• “Speckled Enhancement” on Gd-EOB-DTPA Enhanced MR Imaging of Primary Hepatic Mucosa-associated Lymphoid Tissue Lymphoma
    Ryota Hyodo, Yasuo Takehara, Ayumi Nishida, Masaya Matsushima, Shinji Naganawa
    Magnetic Resonance in Medical Sciences.2021;[Epub]     CrossRef
Atypical femoral neck fracture after prolonged bisphosphonate therapy
Kwang-kyoun Kim, Young-wook Park, Tae-hyeong Kim, Kyung-deok Seo
J Pathol Transl Med. 2020;54(4):346-350.   Published online June 29, 2020
DOI: https://doi.org/10.4132/jptm.2020.05.14
Correction in: J Pathol Transl Med 2020;54(5):435
  • 3,248 View
  • 117 Download
  • 4 Citations
AbstractAbstract PDF
Of the drugs developed to prevent and treat osteoporosis, bisphosphonate has played a very important role in preventing osteoporotic fractures. However, case reports describing atypical femoral fractures in patients using long-term bisphosphonates have emerged. The majority of atypical femur fractures occurs in the lateral aspect of the subtrochanteric or femur diaphysis, which is explained by accumulation of tensile stress in these areas. Although the superior cortex of the femur neck withstands maximum tensile stress, to our knowledge, there have been only two reports (three cases) of atypical femoral neck fracture. In addition, none of those case reports revealed detailed pathology related to suppressed bone turnover rate. We encountered an incomplete femoral neck fracture and diagnosed it as “atypical” on the basis of the patient’s lack of trauma and medication history and pathological findings. For patients with groin pain, minimal or no trauma, and a history of long-term bisphosphonate use, an atypical femoral neck fracture should be considered.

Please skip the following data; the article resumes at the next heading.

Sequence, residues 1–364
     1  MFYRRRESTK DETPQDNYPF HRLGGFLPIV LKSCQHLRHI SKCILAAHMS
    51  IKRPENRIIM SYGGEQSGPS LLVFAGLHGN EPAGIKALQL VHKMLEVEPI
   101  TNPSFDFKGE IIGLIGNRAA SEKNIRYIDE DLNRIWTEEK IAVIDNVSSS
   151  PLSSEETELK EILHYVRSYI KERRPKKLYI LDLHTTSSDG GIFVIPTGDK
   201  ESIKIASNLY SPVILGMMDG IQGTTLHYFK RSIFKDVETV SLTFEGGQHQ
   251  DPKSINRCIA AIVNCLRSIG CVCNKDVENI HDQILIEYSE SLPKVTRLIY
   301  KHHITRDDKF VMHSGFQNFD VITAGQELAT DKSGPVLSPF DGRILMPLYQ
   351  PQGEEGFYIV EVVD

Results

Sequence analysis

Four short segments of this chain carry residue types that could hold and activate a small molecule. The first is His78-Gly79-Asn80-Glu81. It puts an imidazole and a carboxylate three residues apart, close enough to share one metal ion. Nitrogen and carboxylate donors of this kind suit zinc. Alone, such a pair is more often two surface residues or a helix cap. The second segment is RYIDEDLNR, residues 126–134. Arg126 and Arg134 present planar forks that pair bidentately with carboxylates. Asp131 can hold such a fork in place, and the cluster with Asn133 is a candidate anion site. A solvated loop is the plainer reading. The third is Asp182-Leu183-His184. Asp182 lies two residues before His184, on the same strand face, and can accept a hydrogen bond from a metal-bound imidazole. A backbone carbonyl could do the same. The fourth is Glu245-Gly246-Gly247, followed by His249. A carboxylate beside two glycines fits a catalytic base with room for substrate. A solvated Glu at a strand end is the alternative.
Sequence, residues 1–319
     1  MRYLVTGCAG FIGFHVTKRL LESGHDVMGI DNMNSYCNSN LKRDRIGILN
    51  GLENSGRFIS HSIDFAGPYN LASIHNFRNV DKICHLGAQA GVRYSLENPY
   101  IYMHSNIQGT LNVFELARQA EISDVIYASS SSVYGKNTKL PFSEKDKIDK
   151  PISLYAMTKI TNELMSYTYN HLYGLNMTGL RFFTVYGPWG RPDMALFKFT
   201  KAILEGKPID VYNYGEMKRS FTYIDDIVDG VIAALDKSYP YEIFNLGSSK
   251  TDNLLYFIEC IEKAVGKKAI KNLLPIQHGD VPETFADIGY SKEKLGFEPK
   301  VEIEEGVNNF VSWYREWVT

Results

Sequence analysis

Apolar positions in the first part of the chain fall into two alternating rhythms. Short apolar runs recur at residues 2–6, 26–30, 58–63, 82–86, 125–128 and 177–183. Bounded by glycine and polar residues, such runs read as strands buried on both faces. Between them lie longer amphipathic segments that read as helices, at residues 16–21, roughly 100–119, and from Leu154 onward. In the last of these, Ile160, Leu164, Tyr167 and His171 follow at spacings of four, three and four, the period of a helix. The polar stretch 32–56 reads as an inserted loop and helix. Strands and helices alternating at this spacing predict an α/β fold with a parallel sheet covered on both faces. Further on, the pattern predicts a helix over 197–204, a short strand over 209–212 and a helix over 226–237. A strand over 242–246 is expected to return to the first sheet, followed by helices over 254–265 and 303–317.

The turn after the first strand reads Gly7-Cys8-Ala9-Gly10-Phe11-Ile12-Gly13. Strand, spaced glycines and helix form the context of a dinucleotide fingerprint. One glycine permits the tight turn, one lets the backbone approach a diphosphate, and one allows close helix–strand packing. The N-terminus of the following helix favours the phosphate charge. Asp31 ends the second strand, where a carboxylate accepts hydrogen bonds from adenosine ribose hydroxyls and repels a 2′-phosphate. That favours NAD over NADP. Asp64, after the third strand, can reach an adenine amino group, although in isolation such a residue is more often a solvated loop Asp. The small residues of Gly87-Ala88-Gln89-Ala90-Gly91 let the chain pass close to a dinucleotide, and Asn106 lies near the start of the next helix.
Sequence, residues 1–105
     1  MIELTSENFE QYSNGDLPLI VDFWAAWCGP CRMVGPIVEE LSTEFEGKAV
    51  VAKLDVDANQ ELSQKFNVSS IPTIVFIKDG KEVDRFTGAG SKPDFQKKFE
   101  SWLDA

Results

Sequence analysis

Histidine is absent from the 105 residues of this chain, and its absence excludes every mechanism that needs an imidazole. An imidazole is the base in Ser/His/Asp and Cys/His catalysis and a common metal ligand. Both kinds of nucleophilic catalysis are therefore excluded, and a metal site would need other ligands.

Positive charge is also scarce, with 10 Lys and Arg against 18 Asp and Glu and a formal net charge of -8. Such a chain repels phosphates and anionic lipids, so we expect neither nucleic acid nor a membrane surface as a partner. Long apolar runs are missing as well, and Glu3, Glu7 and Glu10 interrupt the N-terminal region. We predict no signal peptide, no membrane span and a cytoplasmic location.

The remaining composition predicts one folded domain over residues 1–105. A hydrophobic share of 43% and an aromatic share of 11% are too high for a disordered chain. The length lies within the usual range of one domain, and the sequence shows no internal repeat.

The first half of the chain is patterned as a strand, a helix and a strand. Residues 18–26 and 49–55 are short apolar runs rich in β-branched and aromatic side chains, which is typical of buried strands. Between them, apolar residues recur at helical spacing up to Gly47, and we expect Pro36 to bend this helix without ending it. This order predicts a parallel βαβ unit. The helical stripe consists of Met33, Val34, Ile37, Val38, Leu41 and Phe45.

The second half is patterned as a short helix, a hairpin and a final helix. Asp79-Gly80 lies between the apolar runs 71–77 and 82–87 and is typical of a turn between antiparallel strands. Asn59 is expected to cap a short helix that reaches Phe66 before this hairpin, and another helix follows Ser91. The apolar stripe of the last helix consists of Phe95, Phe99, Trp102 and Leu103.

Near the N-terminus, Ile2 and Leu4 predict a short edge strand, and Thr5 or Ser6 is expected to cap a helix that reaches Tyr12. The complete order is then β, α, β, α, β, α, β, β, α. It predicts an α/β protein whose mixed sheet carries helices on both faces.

Citations

Citations to this article as recorded by  
  • Association of atypical femoral fracture location and lower limb mechanical axis: a computed tomography-based finite element analysis
    Donghwan Hwang, Chul-Ho Kim, Yongkoo Lee, Ji Wan Kim
    Osteoporosis International.2022; 33(6): 1285.     CrossRef
  • Bilateral Bisphosphonate-related Atypical Femoral Neck Fracture in a Patient with Familial Mediterranean Fever: A Case Report
    Sibel Balıkçı, Bilinç Doğruöz Karatekin
    Turkish Journal of Osteoporosis.2022; 28(1): 74.     CrossRef
  • Clinical Outcomes and Radiologic Characteristics of Insufficiency Femoral Neck Fracture in Elderly Patients
    Hee-Uk Ye, Kyung-Jae Lee, Byung-Woo Min, Kyung-Hwan Lim, Beom-Soo Kim, Young-Hoon Kim
    Journal of the Korean Fracture Society.2021; 34(1): 1.     CrossRef
  • Ibandronic acid

    Reactions Weekly.2020; 1827(1): 165.     CrossRef

JPTM : Journal of Pathology and Translational Medicine